Two former Red Deer College music teachers will be performing some seldom heard Estonian folk music in Central Alberta — one of the historic “hot spots” for Estonian settlers in Canada.
Trumpet player Karen Gustafson and pianist Dale Wheeler, who lost their jobs when RDC shut down its music program last year, will be joined by music ethnologist Susan Barber Kahro for a unique free concert on Tuesday, June 4, at Burman University in Lacombe.
It’s called Trumpet Archeology and Digging for Treasure: Estonian Trumpet Literature and will feature various musical influences and contributions of four Estonian composers: Eino Tamberg, Harri Otsa, Rene Eespere and Veljo Tormis.
Lacombe is roughly between Sylvan Lake and Stettler, two of the main centres for Estonian settlers in Alberta, noted Gustafson. She believes it will be a rare treat for those of Estonian background — or of any background — to hear this music as it has never been performed in North America.
The four folk pieces were first heard by Gustafson’s friend, Kahro, during a trip to Europe. The hand-notated sheet music has never been published, so Kahro felt fortunate to receive a personal copy to bring back to Canada.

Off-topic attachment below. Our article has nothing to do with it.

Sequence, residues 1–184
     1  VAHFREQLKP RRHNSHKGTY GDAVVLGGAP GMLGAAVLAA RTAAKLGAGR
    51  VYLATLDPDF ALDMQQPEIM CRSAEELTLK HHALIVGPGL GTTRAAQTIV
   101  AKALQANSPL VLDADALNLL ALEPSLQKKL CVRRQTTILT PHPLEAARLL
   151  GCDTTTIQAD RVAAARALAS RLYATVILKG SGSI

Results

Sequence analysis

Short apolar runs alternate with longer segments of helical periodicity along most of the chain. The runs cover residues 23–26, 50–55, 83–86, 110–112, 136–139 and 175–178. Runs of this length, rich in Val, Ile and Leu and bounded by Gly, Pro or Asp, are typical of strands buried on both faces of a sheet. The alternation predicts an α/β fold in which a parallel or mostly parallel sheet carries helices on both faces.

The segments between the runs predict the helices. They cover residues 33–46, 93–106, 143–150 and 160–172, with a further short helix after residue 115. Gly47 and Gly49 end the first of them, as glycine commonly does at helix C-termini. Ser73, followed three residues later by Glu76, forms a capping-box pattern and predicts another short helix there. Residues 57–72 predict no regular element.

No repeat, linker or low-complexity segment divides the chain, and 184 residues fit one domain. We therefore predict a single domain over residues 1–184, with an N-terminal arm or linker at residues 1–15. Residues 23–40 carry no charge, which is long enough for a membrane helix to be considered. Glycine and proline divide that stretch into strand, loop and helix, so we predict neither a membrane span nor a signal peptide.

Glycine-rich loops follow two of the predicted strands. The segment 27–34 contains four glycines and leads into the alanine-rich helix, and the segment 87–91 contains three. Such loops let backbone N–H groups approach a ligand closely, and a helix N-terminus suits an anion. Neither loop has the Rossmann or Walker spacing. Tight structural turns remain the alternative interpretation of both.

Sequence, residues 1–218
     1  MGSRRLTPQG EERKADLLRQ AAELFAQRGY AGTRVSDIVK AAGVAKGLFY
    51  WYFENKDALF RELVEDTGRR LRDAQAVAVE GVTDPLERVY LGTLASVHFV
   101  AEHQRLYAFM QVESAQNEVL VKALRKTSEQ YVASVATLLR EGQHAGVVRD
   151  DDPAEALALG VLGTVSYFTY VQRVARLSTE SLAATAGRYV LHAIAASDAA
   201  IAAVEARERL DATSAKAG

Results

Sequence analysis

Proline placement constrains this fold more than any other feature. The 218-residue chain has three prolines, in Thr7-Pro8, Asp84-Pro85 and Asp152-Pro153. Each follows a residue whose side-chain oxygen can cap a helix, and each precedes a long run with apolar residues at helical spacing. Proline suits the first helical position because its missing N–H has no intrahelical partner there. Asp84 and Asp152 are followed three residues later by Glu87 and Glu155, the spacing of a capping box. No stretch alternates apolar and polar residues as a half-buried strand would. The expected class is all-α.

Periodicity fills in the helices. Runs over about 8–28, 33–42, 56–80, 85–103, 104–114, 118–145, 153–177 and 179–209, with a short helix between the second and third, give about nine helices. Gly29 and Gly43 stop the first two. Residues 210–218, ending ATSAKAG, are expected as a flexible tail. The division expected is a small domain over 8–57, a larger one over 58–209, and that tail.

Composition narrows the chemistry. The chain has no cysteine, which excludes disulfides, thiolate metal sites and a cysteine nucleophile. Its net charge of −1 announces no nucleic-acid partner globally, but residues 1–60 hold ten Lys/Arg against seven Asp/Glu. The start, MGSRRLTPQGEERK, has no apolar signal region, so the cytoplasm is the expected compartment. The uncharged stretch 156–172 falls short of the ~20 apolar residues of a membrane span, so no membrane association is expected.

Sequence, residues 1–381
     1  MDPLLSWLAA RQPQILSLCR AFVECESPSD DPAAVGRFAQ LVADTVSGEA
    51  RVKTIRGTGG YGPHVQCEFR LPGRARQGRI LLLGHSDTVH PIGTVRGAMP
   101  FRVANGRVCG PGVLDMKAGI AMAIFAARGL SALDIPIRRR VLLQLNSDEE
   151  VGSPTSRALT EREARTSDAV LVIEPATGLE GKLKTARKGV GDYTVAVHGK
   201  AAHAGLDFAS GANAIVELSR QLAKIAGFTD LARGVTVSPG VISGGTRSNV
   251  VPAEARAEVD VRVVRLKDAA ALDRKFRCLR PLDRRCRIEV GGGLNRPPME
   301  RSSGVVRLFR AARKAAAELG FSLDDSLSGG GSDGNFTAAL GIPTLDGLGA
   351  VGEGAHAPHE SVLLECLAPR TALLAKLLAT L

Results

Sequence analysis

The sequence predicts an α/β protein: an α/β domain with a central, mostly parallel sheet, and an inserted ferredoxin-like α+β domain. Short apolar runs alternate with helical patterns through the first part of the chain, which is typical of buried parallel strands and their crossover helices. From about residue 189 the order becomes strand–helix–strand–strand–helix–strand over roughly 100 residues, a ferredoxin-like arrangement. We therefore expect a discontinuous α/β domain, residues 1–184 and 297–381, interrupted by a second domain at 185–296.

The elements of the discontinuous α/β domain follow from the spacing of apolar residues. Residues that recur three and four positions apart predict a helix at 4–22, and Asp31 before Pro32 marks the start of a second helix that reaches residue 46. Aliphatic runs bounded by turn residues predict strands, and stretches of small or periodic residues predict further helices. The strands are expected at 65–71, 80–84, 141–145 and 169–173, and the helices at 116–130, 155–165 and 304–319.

Among the works is Tormis’s colourful The Killing of a Great Ox. Gustafson said the trumpet and accompanying piano will paint a vivid tonal picture of hunters sneaking up on an ox — only to have it run away — so that they have to creep up on it again.
Wheeler, Gustafson and Kahro plan to give the same performance and lecture in Lacombe as they are later slated to give at the International Trumpet Guild Conference in Miami, Florida on July 10.
This Florida trip was planned two years ago, but almost fell through when the Red Deer College music program was shut down, said Gustafson. She and her trombonist husband, Jim Bicigo, and Wheeler were among the RDC instructors who were laid off, but are continuing to adjudicate, teach and act as clinicians and guest and visiting artists. Gustafson also helped start a new professional ensemble, The Central Alberta Chamber Players, along with horn player Louise McMurray and Bicigo.
Gustafson and her husband decided to stay in Red Deer because “we love Central Alberta” and have set down roots here, she said. “We hope to perform professional music in Red Deer for many years.”
Burman University stepped in to host the local performance of the Estonian concert, and the (now defunct) RDC Music Students’ Association made a final contribution of funds that were raised over the years to send their former music instructors to the Florida conference.
“The students stood behind us,” said Gustafson, who’s had a tough couple of years, including a battle against breast cancer. She’s very moved by this act of generosity.
There’s no admission charge to the 7 p.m. Estonian music concert in the choir room in the West Hall of Burman University, 6730 University Dr. But donations can be made towards the Florida trip.